The closure with the world, of those who feel outraged, or that of those who feel besieged can be precursory behaviors of violent acts, or claims, as happens in the film. Unlike the “hot” paranoia, typical of bipolar disorder, in which agitation, verbal controversy and accentuated expressiveness portend risk, in “cold” paranoia the subject remains enigmatic, apparently awkward or detached.
The interpretation in this case renders the characters very well: dazed, absent, depersonalized, able to make one feel uncomfortable because of this unnaturalness of his. The difficulty in communicating is evident, so much so that the paranoid rich, being able to do it, instructs others to mediate his contacts with the world, and exposes himself in the first person speaking in a grandiose but plastered way of himself.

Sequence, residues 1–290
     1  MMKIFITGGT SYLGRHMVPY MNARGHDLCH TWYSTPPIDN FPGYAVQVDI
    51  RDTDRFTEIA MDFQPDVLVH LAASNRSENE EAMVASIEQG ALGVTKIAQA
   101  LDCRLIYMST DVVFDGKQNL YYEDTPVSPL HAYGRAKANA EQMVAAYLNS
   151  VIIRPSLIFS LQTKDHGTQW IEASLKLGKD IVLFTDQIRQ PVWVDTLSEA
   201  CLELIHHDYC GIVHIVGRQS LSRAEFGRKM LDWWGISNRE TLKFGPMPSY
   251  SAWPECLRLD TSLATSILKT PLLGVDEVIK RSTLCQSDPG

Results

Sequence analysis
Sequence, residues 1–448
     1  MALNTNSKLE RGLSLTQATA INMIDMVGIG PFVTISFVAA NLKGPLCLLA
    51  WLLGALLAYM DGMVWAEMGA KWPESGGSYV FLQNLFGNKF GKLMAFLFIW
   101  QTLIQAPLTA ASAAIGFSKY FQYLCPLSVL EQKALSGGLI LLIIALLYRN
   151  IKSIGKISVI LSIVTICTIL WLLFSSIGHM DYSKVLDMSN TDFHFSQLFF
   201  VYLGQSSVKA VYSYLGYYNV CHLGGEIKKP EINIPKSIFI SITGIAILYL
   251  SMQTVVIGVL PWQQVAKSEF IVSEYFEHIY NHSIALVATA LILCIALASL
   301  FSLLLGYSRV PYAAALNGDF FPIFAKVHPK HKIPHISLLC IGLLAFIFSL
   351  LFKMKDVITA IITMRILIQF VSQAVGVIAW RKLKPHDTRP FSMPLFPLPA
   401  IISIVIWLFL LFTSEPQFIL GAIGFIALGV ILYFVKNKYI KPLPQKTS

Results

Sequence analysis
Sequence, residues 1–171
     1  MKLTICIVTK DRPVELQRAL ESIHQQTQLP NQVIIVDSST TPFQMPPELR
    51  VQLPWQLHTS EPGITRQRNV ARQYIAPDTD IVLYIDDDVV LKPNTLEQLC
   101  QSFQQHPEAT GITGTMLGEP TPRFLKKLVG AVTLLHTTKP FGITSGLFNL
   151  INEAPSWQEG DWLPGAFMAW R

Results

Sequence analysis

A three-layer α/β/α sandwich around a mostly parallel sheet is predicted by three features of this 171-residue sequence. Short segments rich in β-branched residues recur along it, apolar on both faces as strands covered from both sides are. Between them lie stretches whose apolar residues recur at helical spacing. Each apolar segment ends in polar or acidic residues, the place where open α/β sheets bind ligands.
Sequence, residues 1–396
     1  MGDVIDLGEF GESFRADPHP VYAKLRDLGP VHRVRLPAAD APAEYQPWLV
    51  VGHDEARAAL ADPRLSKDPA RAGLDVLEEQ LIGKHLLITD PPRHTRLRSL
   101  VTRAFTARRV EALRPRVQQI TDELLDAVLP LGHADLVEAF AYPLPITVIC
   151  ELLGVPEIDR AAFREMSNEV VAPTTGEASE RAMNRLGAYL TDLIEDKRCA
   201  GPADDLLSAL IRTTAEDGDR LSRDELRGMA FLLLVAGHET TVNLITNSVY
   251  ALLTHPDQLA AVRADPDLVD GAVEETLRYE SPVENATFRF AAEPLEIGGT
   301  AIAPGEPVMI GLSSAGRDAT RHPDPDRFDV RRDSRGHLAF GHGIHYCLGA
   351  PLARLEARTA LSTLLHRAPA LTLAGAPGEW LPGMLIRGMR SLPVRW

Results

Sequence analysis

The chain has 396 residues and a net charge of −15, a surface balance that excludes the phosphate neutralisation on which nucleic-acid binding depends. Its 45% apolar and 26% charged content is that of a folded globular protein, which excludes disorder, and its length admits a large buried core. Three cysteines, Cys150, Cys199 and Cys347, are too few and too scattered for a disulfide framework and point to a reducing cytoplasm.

In the film there are also a couple of allusions to DuPont’s homosexual drives, and to cocaine and alcohol, but basically this is not the central theme or the decisive element. Certainly alcohol and cocaine sharpen the paranoia, and can trigger behaviors that otherwise often remain blocked, precisely due to the paranoid’s difficulty in finding the channel for expression. When he finds it, it is often a vengeance channel.

Previous articleThe US opens its borders with Mexico and Canada. And Europe?
Next articleHow to furnish your home on a budget